Will the Kennedy assassination ever lose its cultural centrality? Even as organic memory of the event fades, new works of pop art like Jackie (2017) and 11.22.63 (2016) attest to the powerful ongoing significance of the event. The slain president turned out to have much more weight dead than living.
Woodrow Wilson once claimed that while men die, ideas live. John F. Kennedy had no ideas but in death he became one. All the zesty confidence and breezy chutzpah of the American century became flesh in JFK, though like him it would never recover from what happened in Dallas. The United States now had a wound that was worthy of Shakespeare, what Don DeLillo memorably called the moment ‘that broke the back of the American century.’
The assassination, with its catalogue of secrets, its endless theories and rituals, its theology of patterns and links, has become a true dead end. The central player in the drama – Lee Harvey Oswald – is a slapstick figure straight out of a Marx brothers movie. Oswald bumbled into history like a child causing chaos in a gift shop. The riddle of his life is how he made a fool out of the greatest power the world had ever seen.
The Kennedy mantle passed to Bobby, who was himself gunned down in 1968. The third brother Ted was the next to have a crack at the big prize in 1980. Asked why he wanted to be president by CBS News’s Roger Mudd, Teddy, agonizingly, had no real answer. Perhaps he wanted to be president because being president was something that happened to people like him. Such is the attitude of the Kennedys, to whom power is an inheritance, an heirloom, a reflex.
He wasn’t the only one to be upended by the Kennedy banana skin. The JFK mythos has mesmerized the Democratic party ever since. Bill Clinton surely had the self-image of a Kennedy-style womanizer, even though he was seducing chubby interns rather than Hollywood starlets. Barack Obama was undoubtedly the coolest president since Kennedy. Both blended youthful vitality, sharp tailoring and a strutting, know-it-all confidence into an ultra-creditable package for the mass media. Kennedy and Obama made their supporters feel good about themselves (to the point of smugness) and both believed that gorgeous rhetoric was a better tool with which to shape an era than the gritty matter of actually legislating.
Like Kennedy in Cuba and Vietnam, Obama blundered in Syria. Away from the undoubted style and eloquence, there is the same terrible legacy: the abuse, misuse and non-use of American power, with stacks of corpses to show for these errors. Not that many people can look past the eloquence or the style. As Jack put it to Gore Vidal after the Bay of Pigs fiasco: ‘In this job, the worse you fuck up, the higher the ratings.’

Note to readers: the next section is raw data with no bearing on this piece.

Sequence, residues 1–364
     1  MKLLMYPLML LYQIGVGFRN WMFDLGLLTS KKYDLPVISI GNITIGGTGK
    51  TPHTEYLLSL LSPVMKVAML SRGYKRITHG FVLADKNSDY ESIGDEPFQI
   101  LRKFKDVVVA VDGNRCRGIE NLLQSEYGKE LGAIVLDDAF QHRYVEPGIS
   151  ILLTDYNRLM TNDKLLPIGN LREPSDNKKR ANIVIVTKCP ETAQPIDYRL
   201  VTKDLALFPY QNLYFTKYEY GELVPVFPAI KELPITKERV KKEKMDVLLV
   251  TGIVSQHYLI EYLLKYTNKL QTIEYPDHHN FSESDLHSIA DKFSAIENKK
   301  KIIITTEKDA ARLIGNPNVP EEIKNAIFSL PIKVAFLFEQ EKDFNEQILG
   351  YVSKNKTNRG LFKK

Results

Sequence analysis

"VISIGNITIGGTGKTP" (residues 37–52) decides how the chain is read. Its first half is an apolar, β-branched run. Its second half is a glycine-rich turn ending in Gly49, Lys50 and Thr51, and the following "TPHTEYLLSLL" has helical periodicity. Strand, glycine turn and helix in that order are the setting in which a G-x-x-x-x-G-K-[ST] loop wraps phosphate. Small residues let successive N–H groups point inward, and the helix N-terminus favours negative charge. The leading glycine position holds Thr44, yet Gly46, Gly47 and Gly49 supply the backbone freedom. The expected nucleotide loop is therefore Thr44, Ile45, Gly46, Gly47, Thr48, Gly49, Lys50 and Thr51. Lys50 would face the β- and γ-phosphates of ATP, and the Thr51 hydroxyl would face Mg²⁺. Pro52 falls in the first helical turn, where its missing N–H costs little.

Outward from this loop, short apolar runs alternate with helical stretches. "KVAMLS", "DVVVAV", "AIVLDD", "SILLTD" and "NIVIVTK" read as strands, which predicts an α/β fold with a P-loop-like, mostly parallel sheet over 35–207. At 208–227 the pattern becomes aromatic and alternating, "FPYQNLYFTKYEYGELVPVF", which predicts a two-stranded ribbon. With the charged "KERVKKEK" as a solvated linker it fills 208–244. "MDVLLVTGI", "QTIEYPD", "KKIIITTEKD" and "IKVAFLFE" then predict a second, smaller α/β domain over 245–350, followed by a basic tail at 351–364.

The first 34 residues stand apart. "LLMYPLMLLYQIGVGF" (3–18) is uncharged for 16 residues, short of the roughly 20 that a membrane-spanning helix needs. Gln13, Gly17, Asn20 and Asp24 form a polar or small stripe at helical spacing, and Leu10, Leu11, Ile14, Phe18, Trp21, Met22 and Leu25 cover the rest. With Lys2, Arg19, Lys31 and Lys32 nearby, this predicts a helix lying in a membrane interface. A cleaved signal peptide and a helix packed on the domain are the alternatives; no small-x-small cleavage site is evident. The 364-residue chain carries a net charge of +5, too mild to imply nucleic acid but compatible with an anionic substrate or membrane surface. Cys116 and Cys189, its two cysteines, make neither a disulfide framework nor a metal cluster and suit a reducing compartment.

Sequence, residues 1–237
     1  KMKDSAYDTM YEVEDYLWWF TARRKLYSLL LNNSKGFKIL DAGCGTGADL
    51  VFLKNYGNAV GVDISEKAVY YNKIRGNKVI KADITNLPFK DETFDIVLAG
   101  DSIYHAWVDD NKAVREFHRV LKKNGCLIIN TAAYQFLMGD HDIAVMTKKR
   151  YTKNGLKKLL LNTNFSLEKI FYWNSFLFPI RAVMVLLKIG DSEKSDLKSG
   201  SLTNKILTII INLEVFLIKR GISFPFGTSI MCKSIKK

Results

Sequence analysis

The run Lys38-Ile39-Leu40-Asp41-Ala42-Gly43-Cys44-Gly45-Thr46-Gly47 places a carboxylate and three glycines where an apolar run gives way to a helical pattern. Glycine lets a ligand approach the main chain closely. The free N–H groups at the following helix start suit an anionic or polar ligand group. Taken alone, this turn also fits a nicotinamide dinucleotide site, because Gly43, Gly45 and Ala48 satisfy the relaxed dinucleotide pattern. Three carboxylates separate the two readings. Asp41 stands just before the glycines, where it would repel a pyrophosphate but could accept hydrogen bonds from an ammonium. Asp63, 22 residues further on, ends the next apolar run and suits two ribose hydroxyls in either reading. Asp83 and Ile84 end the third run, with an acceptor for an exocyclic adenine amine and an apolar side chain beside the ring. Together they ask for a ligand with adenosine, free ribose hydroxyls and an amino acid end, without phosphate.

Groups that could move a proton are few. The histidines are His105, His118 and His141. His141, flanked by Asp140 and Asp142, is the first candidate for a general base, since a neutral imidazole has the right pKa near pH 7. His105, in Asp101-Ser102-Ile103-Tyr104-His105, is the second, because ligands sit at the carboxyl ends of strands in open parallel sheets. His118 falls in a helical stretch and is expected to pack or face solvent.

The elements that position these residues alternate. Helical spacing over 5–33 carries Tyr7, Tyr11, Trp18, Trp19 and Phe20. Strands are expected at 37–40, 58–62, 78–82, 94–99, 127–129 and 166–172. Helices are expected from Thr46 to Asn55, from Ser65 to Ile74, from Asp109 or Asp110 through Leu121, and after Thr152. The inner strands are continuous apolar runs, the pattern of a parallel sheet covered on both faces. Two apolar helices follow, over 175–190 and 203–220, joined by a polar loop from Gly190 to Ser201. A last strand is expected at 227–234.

The legacy of Kennedy, slavishly followed by the Clintons and Obama, is a belief that if you have enough intelligent people in the room you can solve almost any problem. This is a suave, patrician kind of politics. Gather together the most impressive fellows, all self-assurance and valuable connections – fellows who know how things ‘really work’ – who are happy to conduct business in between conversations about their Harvard days, and let them sort it all out. History is just something unpleasant that happens to other people.
Eventually these administrations make half the country feel stupid. As such Richard Nixon and Donald Trump, in their 1968 and 2016 guises as fiery tribunes of middle-American thickos, were natural democratic reactions to the ironic self-regard of the Kennedy brothers and Barack Obama.
JFK’s brutal murder was a terrible moment for America and, perversely, the best thing that could have happened to the Kennedy family. The Camelot that paid the tragic levy of blood (twice) in the service of the Republic is a powerful legend that no committee room PR operation can ever hope to match.
All Democrats are measured against this myth of confidence and promise, with Beto O’Rourke the latest to fall short of it. For all Clinton and Obama’s mimicry they were never quite adequate as successors to Kennedy either. Bill was too gangly, too southern, too eager to please; Barack was too serious, too cerebral, too pompous.
Impressionists are never as good as the real thing. The future of the Democratic party at the national level isn’t Beto or Kamala Harris. It’s Jack Kennedy Schlossberg, JFK’s grandson. With the scintillatingly crisp hair and angular profile of a man who was born to be photographed, Schlossberg looks as if he were designed, engineered and conditioned for optimum media salivation.
As his grandfather once showed, there isn’t much more to the presidency than that.